So there's something pleasing at this 30-second desecration. It's partly the pleasure of the appalling timing - there could hardly be a more conspicuous moment, or a more damaging one, to start snoring in any opera. And partly the feeling of "There but for the grace of God...".

The indignation at this awful behaviour is, in a way, more interesting than the awful behaviour itself. It's not so long ago that people went to the opera and talked all the way through it, as they do at the cinema these days. Indeed, so universal was the behaviour that operas were written in a style of noisy blandness, for the specific purpose of being talked over.

The English middle classes go to the cinema for an annual treat, so that they can keep up a running commentary of "Oh, Judi Dench, she lives opposite a cousin of mine - didn't you think she was awfully good in Mrs Brown?" Similarly, the sort of epic nonsense by Rossini which is now listened to with utter reverence was originally performed to a deafening ritornello by a chattering audience, and even if it had been possible in the din to go to sleep, your snoring would have passed as unnoticed as it would in the Odeon in Leicester Square.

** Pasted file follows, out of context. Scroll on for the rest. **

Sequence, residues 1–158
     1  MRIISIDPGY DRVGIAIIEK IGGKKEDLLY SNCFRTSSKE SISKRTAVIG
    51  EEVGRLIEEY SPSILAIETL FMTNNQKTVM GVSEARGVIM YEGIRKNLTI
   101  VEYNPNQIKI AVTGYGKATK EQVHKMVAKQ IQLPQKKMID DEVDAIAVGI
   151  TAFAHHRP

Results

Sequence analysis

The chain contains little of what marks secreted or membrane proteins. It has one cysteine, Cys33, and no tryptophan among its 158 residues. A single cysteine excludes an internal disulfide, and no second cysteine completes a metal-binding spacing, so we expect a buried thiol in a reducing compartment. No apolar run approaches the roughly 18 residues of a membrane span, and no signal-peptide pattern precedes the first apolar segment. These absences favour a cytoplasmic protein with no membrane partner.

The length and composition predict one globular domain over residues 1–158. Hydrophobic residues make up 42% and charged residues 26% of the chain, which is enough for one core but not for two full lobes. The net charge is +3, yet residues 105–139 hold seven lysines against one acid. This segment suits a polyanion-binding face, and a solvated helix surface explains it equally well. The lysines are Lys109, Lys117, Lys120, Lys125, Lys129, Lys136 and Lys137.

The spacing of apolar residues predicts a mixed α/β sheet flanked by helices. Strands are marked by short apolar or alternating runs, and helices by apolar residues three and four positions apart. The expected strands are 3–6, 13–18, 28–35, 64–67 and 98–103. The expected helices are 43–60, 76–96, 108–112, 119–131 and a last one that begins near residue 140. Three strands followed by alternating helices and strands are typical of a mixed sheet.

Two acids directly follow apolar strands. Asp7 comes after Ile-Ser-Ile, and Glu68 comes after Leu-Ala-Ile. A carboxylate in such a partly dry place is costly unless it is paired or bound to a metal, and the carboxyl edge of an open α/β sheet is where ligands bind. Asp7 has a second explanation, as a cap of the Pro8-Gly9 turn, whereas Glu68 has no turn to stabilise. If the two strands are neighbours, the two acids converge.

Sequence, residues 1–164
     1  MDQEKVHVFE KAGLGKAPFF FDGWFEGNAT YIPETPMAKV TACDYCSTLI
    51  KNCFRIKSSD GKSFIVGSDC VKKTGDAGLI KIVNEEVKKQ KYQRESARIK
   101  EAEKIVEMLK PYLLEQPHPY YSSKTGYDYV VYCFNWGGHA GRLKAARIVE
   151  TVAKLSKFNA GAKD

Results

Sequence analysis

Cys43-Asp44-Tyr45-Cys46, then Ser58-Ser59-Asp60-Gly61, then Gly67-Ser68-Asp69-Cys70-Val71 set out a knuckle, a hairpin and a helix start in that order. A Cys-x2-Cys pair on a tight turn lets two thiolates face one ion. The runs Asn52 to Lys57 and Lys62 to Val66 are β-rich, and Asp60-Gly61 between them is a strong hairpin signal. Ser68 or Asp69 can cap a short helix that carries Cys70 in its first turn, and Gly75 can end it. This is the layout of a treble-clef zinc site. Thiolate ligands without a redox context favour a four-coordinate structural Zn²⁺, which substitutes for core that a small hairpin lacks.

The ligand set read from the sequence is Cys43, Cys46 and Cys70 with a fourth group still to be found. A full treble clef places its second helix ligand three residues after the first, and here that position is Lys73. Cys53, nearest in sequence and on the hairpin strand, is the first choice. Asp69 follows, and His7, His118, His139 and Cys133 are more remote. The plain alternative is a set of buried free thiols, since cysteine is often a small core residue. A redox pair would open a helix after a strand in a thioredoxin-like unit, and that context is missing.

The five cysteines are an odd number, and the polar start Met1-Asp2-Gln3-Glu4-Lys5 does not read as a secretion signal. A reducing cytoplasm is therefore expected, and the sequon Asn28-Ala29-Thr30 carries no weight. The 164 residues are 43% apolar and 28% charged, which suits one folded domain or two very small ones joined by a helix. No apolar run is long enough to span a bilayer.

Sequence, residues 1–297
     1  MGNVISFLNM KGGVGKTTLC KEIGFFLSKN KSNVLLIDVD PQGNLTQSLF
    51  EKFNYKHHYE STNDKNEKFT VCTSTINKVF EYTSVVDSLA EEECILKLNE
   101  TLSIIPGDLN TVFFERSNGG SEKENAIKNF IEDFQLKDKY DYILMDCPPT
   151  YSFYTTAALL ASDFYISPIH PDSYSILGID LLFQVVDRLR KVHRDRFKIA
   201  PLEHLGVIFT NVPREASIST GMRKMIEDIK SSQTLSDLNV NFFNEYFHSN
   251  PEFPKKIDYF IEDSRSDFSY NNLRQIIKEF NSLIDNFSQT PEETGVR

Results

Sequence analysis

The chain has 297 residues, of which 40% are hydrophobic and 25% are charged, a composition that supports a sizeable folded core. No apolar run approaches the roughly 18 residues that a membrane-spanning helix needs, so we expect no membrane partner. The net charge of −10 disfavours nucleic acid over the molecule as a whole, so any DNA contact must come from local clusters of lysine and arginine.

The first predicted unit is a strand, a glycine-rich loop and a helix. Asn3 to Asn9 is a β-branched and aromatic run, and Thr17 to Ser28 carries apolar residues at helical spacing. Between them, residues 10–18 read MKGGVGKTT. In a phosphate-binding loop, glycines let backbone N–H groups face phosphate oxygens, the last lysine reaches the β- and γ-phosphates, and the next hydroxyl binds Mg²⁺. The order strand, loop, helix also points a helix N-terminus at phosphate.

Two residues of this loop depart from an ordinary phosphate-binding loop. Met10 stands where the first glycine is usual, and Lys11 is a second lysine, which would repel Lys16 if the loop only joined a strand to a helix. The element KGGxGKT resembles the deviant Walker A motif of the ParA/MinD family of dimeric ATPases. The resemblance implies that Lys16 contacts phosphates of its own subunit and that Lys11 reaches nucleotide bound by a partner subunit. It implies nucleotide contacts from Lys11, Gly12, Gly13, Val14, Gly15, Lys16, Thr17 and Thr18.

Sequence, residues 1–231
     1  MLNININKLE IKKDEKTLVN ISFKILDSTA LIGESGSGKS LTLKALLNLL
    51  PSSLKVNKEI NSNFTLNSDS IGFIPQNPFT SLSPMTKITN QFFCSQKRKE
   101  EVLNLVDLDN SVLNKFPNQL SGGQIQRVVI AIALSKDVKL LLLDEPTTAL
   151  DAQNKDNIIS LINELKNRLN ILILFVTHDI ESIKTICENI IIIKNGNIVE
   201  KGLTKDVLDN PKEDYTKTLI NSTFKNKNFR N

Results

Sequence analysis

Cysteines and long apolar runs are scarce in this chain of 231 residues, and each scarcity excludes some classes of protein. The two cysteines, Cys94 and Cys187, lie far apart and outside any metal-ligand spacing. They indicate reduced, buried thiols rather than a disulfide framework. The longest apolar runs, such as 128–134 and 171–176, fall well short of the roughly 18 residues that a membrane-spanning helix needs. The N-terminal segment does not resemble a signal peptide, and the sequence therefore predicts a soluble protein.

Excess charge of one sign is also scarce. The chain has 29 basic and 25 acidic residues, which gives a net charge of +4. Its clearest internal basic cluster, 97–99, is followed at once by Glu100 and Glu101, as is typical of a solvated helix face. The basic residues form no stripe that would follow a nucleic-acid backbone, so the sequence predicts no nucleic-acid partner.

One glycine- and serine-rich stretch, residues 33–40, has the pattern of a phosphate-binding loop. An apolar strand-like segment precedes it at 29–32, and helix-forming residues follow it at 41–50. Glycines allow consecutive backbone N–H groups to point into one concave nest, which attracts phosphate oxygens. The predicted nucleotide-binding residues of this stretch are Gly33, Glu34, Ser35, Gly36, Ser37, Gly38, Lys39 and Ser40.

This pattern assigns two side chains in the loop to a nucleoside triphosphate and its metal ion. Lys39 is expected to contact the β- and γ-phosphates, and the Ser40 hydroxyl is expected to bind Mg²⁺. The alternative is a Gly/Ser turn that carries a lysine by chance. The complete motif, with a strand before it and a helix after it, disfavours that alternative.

If you actually tried to watch an English film, or sit in silence through a Rossini opera, I expect you would go mad; they are designed to be half- attended to while maintaining a constant stream of conversation. Only the smartest Italian opera houses maintain a strict decorum - in Rome or Naples, for example, the audience is always apt to start humming along, or even - something I once saw in Sicily - answering their mobile telephones in the second act of La Sonnambula. Of course, people never talked through Parsifal, but I wonder whether the respect due to the great monuments of Western art is not being unhelpfully extended to anything with any cultural pretension at all.